MOSCOW (Reuters) -- Russia's fifth-generation stealth jet fighter will be ready for use in 2015, its designer said, as Prime Minister Vladimir Putin pressed the aviation industry to design a new strategic bomber.
Moscow is scrambling to update its aging fleet of military aircraft. It test-flew a long-awaited stealth fighter at the end of January, presenting it as Moscow's first all-new warplane since the 1991 Soviet collapse and a challenge to the technological supremacy of its Cold War foe the United States.
Asked to compare his brainchild to the U.S. F-22 Raptor, built more than a decade ago, the Russian jet's chief designer Alexander Davydenko told reporters: "The basic features are the same but we tried to do it better."
He said Sukhoi, which produced the T-50 prototype of the jet, had simulated duels with the U.S. stealth fighter.
"I think we will have a competitive price. As for the efficiency-and-cost ratio, we will be much better," Davydenko said.
The first MiG-29 and Su-27 prototypes of the previous fourth generation took to the air in 1977. Analysts say several nations, including Libya and Vietnam, had expressed interest in the fifth-generation fighter.
Putin, who toured Sukhoi's design bureau in Moscow on March 1, said Russia still had much work to do before it starts producing the plane.
"Before this machine can go into serial production, there are over 2,000 test flights left. There is still a lot of work ahead," he told a government meeting on the aviation industry.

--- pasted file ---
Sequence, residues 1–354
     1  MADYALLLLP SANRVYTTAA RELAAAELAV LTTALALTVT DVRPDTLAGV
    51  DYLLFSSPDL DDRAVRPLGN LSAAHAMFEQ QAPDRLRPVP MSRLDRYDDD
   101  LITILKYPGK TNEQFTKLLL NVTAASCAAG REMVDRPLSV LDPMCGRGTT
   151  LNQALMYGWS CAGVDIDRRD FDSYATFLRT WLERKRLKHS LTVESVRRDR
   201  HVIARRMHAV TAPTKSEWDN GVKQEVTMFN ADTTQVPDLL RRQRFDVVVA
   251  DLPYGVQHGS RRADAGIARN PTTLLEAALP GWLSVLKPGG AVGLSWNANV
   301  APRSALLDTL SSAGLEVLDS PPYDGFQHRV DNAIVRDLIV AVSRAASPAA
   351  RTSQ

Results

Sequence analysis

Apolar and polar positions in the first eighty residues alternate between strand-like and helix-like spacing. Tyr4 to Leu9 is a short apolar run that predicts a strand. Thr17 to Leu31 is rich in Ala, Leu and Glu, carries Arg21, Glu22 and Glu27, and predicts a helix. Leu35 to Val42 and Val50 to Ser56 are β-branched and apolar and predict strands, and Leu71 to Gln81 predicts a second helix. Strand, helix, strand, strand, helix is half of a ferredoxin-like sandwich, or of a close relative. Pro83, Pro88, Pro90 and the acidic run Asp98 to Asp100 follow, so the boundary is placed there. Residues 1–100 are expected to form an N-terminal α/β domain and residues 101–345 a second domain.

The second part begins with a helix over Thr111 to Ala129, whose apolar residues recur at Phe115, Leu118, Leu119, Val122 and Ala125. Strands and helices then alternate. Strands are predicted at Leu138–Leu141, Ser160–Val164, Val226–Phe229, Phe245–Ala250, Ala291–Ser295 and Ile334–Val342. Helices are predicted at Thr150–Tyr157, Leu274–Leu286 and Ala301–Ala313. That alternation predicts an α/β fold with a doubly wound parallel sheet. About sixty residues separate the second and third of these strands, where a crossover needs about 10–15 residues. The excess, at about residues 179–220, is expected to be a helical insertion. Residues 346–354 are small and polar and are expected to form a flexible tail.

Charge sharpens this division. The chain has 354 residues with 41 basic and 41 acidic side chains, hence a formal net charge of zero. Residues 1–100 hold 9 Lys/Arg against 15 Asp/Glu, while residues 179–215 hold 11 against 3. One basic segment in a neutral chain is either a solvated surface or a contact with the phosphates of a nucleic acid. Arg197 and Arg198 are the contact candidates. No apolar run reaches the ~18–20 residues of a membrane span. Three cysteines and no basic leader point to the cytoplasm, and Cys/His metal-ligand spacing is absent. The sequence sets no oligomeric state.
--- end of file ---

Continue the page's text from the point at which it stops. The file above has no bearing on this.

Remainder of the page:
Putin Wants New Bomber
Putin also urged the industry to begin designing a new bomber.
"We should not confine ourselves to developing just one new model. After the fifth-generation fighter jet, we must think and get down to work on a next-generation, long-range aviation complex -- our new strategic missile carrier," Putin said.
Russia has a large fleet of Soviet-era Tu-95MS turbo-prop strategic bombers codenamed "Bears" by NATO. It has a much smaller number of more modern, supersonic Tu-160 "Blackjack" jet bombers, the world's biggest warplanes ever built.
Sukhoi CEO Mikhail Pogosyan said he saw his company's market share growing from 13 percent of the estimated global $200 billion market in 2006-15 to 15-16 percent of the $300 billion market in 2016-25.
He said three more experimental fighters would be built by the start of next year. Davydenko said 2015 was the deadline for delivering the plane to the armed forces.
Analysts from the Moscow-based Center for Analysis of Strategies and Technologies (CAST) said in a survey published last week that the T-50 prototype's engines did not measure up to new-generation fighters in terms of thrust-to-weight ratio and fuel economy.
The T-50 will also be produced in a 50/50 joint venture with India and could be armed with jointly made BrahMos supersonic cruise missiles, Davydenko said.